The demand for condominiums continues despite the pandemic

Among respondents in the Montreal area intending to buy over the next five years, one in five households is considering purchasing a condominium unit, which is similar to the 2018 survey. Households aged 55 and over are the most likely to choose a condominium.   

In addition to reasonable condominium fees, the features most in demand when choosing a condominium are: a well-managed contingency fund, an efficient ventilation system, reserved storage space, reserved outdoor parking and a security system that controls access to the building.

As for the units themselves, the features most likely to attract buyers are large private balconies, independently controlled air conditioning and quality finishing materials.

“Eight out of ten future buyers consider the presence of a private balcony to be very important, which can certainly be explained by the home confinement restrictions that Montrealers have recently experienced. The importance of air quality also caught the attention of respondents, which will certainly influence our future developments,” explains Normand Bélanger, President and CEO of Fonds immobilier de solidarité FTQ.

Single-family homes remain the first choice of Quebecers  

At the provincial level, 25 per cent of Quebec households are considering purchasing a residential property by 2025, a slightly higher proportion than in 2018. Two-thirds of future buyers favour the purchase of a detached single-family home, identical to the results of the 2018 survey. Sixty-eight per cent of future buyers prefer buying an existing property versus 17 per cent who prefer buying a new property. However, 15 per cent remain open to either scenario. The three main reasons for buying a new property are: the desire to be the first occupant, the turnkey aspect, and the low cost of maintenance. Those who are more inclined towards the purchase of an existing property cite the usually lower purchase price and location.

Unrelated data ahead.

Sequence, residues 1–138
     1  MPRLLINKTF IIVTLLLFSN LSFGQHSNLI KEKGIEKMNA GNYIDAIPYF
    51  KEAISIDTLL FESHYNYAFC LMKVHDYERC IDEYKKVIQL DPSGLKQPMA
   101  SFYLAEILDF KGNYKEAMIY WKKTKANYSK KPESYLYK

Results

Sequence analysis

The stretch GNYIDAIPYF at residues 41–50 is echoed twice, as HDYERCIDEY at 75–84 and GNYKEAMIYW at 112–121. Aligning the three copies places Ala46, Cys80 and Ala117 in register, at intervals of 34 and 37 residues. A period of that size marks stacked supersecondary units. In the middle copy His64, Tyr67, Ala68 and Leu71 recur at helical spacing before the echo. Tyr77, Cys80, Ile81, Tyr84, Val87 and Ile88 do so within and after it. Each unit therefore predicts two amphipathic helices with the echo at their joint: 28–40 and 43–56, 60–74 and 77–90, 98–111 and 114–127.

Finally, it should be mentioned that all respondents were also surveyed on intergenerational living. Just over 60 per cent of respondents would like to live near their parents or children, with 15 per cent willing to do so in an intergenerational home. Intergenerational housing is more popular (18 per cent) outside the greater Montreal and Quebec City areas.     

Renovations heat up

Survey results point to a very active renovation market as each property changing hands entails its share of renovation expenses. Half of the homeowners intending to sell in the near future plan on renovating their property with an average budget of over $13,000. Six in ten future buyers anticipate spending an average of nearly $16,000 on renovations to their new home.    

Not all tenants want to be homeowners

For the first time, the survey included a component for tenants. The results show that fewer responsibilities and greater flexibility induce many households to prefer renting. These reasons were more often cited to explain their choice to remain a tenant than the inability to buy or the unaffordability of properties. Nevertheless, it is clear that for some households, renting is a temporary situation before the future purchase of a property. This is the case for 24 per cent of Quebec tenants, but this share increases to 47 per cent among those aged 18 to 34.   

Moreover, across the province, 91 per cent of tenants live in a private building, compared to 9 per cent who live in community housing such as a cooperative, or non-profit or low-rent housing. The survey results also show that a significant proportion of tenants do not live in a rental building, but rather rent a house (19 per cent) or a condominium (9 per cent). House rentals are more prevalent in areas outside Montreal and Quebec City.